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International Day for Disaster Reduction 2014

This image shows a young boy with his grandfather and his uncle, all three are smiling at each other, enjoying a light moment
© CBM/John Javellana
Benjillo (left) lives with his grandfather Rommie (centre) and his uncle Venus in the Philippines. Benjillo has difficulties walking and his grandfather is very hard of hearing. Their house was destroyed by Typhoon Haiyan, and they are included in their local Ageing and Disability Focal Point, run by CBM partner ADPI.

International Day for Disaster Reduction (IDDR) is celebrated annually on 13 October, and in 2014 the theme focuses on older people. To ensure comprehensive and sustainable DRR work, the active inclusion and input of older people - and of people with disabilities - is essential.

What is Disaster Risk Reduction?

Disaster Risk Reduction (DRR) means reducing the impact of natural hazards (like earthquakes, floods, droughts and cyclones), through an ethic of prevention. We can increase our resilience in various ways, for example, changing how we grow our food, build our homes and teach our children. To ensure these DRR efforts reach entire communities in a sustainable way, it is essential that they actively involve everyone.

The theme for the International Day for Disaster Reduction 2014 is ‘Resilience for Life’. This focuses on the need for an inclusive approach for older people in DRR and recognises the role they can play in resilience-building though their experience and knowledge. 

Persons with disabilities and building resilience

People with disabilities – as with older people – are among the most at-risk groups during natural disasters. There are many reasons for this, including disruption of support networks (which may be friends and family), loss and damage of assistive devices (e.g. wheelchairs), inaccessibility of emergency shelters and warning messages, and greater difficulty in accessing basic humanitarian needs.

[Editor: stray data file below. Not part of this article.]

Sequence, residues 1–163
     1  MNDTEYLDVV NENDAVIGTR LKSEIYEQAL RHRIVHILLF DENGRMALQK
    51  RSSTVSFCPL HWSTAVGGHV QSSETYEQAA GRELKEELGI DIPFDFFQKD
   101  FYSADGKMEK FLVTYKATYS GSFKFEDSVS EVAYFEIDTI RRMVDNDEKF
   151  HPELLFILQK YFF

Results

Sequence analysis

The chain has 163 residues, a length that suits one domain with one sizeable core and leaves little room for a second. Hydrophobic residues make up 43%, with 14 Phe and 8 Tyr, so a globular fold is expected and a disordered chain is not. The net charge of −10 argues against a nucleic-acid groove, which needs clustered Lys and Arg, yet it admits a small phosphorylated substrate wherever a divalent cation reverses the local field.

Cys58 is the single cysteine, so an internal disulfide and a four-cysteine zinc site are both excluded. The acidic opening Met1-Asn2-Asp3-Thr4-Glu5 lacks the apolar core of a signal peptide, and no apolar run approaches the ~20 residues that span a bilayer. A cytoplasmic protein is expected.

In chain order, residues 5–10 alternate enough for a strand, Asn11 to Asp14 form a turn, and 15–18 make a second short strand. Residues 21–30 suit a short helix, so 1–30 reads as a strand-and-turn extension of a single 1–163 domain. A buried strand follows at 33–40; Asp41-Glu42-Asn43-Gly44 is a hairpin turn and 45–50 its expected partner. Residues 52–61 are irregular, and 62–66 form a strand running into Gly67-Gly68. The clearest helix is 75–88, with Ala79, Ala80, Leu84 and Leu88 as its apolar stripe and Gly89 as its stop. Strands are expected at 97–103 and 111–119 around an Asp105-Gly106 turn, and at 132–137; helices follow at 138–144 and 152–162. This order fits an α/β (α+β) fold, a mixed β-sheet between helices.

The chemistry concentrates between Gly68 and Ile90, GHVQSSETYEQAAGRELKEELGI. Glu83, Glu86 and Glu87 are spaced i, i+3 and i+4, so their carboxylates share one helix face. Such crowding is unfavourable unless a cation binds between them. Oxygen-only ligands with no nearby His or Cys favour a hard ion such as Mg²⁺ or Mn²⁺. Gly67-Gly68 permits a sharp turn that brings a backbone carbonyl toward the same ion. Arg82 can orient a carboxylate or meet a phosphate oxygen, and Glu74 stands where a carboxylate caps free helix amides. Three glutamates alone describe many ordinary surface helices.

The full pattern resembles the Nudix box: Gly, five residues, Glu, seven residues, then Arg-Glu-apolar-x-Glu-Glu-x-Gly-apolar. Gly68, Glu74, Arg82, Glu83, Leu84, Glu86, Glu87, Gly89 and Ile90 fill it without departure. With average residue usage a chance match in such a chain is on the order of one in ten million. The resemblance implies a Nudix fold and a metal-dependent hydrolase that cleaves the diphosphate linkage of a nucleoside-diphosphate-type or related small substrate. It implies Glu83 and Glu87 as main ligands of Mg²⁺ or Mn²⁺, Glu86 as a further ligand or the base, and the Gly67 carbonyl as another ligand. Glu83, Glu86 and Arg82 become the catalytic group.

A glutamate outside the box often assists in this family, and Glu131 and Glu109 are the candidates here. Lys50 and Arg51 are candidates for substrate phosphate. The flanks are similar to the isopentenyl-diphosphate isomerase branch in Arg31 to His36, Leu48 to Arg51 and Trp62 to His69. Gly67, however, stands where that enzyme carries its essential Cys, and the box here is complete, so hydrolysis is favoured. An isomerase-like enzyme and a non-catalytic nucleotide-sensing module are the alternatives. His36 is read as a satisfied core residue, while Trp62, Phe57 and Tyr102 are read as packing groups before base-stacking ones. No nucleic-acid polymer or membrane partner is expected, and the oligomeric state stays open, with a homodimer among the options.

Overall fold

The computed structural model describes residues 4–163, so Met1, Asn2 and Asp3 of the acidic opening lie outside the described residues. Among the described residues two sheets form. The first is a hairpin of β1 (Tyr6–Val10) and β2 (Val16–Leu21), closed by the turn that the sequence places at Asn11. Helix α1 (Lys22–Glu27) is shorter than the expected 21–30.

Again, as with older people, people with disabilities need to be actively included in DRR initiatives, building the resilience of their communities by sharing their knowledge and experience.

Disability inclusive DRR now and in the future

CBM is a member of the Disability-inclusive DRR Network (DiDRRN), a consortium of like-minded disabled people’s organisations and ‘mainstream’ and disability-focused organisations. We have the collective aim of securing the active participation and meaningful contribution of persons with disabilities in DRR policy and practice up to 2015 and beyond. To understand more about this, read our resources advocating for disability - inclusive DRR after 2015.

Ageing and Disability Focal Points

This image shows a board with ADFP written on it ©CBM/John Javellana
Ageing and Disability Focal Point (ADFP) run by CBM partner ADPI in the Philippines
As part of CBM’s response to Typhoon Haiyan, which struck the Philippines in November 2013, our partner organisation Association of Disabled People Iloilo (ADPI) have established Ageing and Disability Focal Points (ADFPs) to make sure that people with disabilities and older people are included in mainstream relief and rehabilitation.

They do this by operating as ‘specialised hubs’, identifying the services that exist, and the people with the needs. Types of support targeted include water, sanitation and hygiene, food, shelter, health, livelihood, education and assistive devices. Additionally, the ADFPs improve awareness of disability inclusion in the existing mainstream services.

More reading

Recovering from Typhoon Haiyan

Mamerto, a rickshaw driver in the Philippines, is a husband and father who looks forward to a better future having been part of disability inclusive emergency response activities post Typhoon Haiyan

07-10-2014

Inclusive Emergency Response Unit (ERU)

CBM working with local partners to ensure that people with disabilities are included at all levels of disaster preparedness and response

06-11-2014


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